A Couple Days in Lisbon, Portugal

Hi Dolls! As the travel bug has started to rear its head, I’m reminded of my latest international travels that took me to the beautiful country of Portugal last fall. Affectionately known for its pastries, port wine, canned sardines, cork, and Azulejos (glazed ceramic tiles), I’m so thrilled that I was able to behold all of it during my short 4-day excursion there. Though my visit was short, I was able to visit Lisbon, Cascais, Evora, and the absolutely stunning, Sintra, and I didn’t miss a beat! In other words, 4 days is really all you need!


Lisbon has been gaining a little steam on travel bucket lists lately! I’ve seen a lot of folks on social media make stop overs in Lisbon and I’ve even seen the city pop up on a few travel documentaries I’ve watched recently. I think it’s great that people want to explore a country off of the typical beaten travel-path! From the antique tiled buildings with orange roofs, steep streets, and the ocean, there is so much beauty to be seen in Lisbon!


SIDENOTE: On my way to Portugal, I had a super short layover in Amsterdam (I actually thought I was going to get stuck in Amsterdam but that’s another story!). The airport alone was so beautiful it makes me want to go back…LIKE NOW! I’ve heard a lot of other things that make me eager to visit Amsterdam and the airport heightened that. But, okay, back to the topic at hand! The first stop on my Portuguese tour was Lisbon, the capital of Portugal. The weather is ideal during the months of March and October, so I went in October which was perfect! It wasn’t too hot and the temperature cooled down just right, in the evenings. My first impression of Lisbon was that it was very colorful, very laid back, super hilly, and full of charm. At a glance here are a few of the sights from my two days in Lisbon!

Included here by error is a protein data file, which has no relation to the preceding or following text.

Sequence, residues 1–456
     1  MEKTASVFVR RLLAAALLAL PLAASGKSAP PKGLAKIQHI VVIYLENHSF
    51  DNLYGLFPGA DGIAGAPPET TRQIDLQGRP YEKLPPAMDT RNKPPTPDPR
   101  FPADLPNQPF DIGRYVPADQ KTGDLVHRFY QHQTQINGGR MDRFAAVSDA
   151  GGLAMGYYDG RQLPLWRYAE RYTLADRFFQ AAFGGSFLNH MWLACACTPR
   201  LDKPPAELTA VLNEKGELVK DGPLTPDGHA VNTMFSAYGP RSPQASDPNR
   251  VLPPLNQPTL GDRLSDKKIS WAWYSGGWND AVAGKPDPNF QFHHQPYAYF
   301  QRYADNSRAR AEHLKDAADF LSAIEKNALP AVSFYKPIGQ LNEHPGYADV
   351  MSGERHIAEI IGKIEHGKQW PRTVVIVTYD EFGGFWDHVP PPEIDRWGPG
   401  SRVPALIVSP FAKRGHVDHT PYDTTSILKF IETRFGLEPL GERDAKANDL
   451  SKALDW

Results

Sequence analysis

Gloria tram
“Gloria Tram”

One of the things I wanted to see before heading to Portugal was the old school trams in the Almafa District of Lisbon. This was the “Gloria” tram that started in 1885 as a mode of transportation from Lisbon to Barrio Alto, an older area of the city. What’s so cool is that it is still running today!

Parque Eduardo VII

While driving through the city, we made a stop at the largest local park in the center of Lisbon called Parque Eduardo VII. Previously known as Liberty Park, it was renamed in 1902 to pay homage to King Edward VII.

Parque Eduardo VII

The park is a beautiful green open field and at the head of the field is a monument that commemorates the 1974 Carnation Revolution. The Portuguese flag flies next to the monument and from there, looking south, you can get a really pretty view of the city!

pasteis de nata
Cafe a Brasileira

Being the foodie I am, I did a little research before my visit to find out what foods Portugal is known for and Pasteis de Nata was the first thing that popped up! For my first taste of the flaky, custardy treat, I wanted to go to a cafe that was renown for them and Cafe a Brasiliera was that spot! This is one of the oldest and most famous cafes in Lisbon. They are, of course, known for their Pasteis de Nata as well as their incredibly strong espresso!


I read that historically, the cafe attracted intellects like poets and philosophers who often sat and debated world events with each other, while enjoying their espressos and cafe delights.


As for me, I just wanted to try the Pasteis de Nata and espresso in peace! The pastry was delicious! It was perfectly flaky on the outside and had a sweet custard on the inside. We won’t talk about how many of these I consumed throughout the trip but I loved them most when they were hot right out of the oven! The espresso was unbelievably strong! It definitely woke me up and gave me the kick I needed to continue my first day of walking through the city!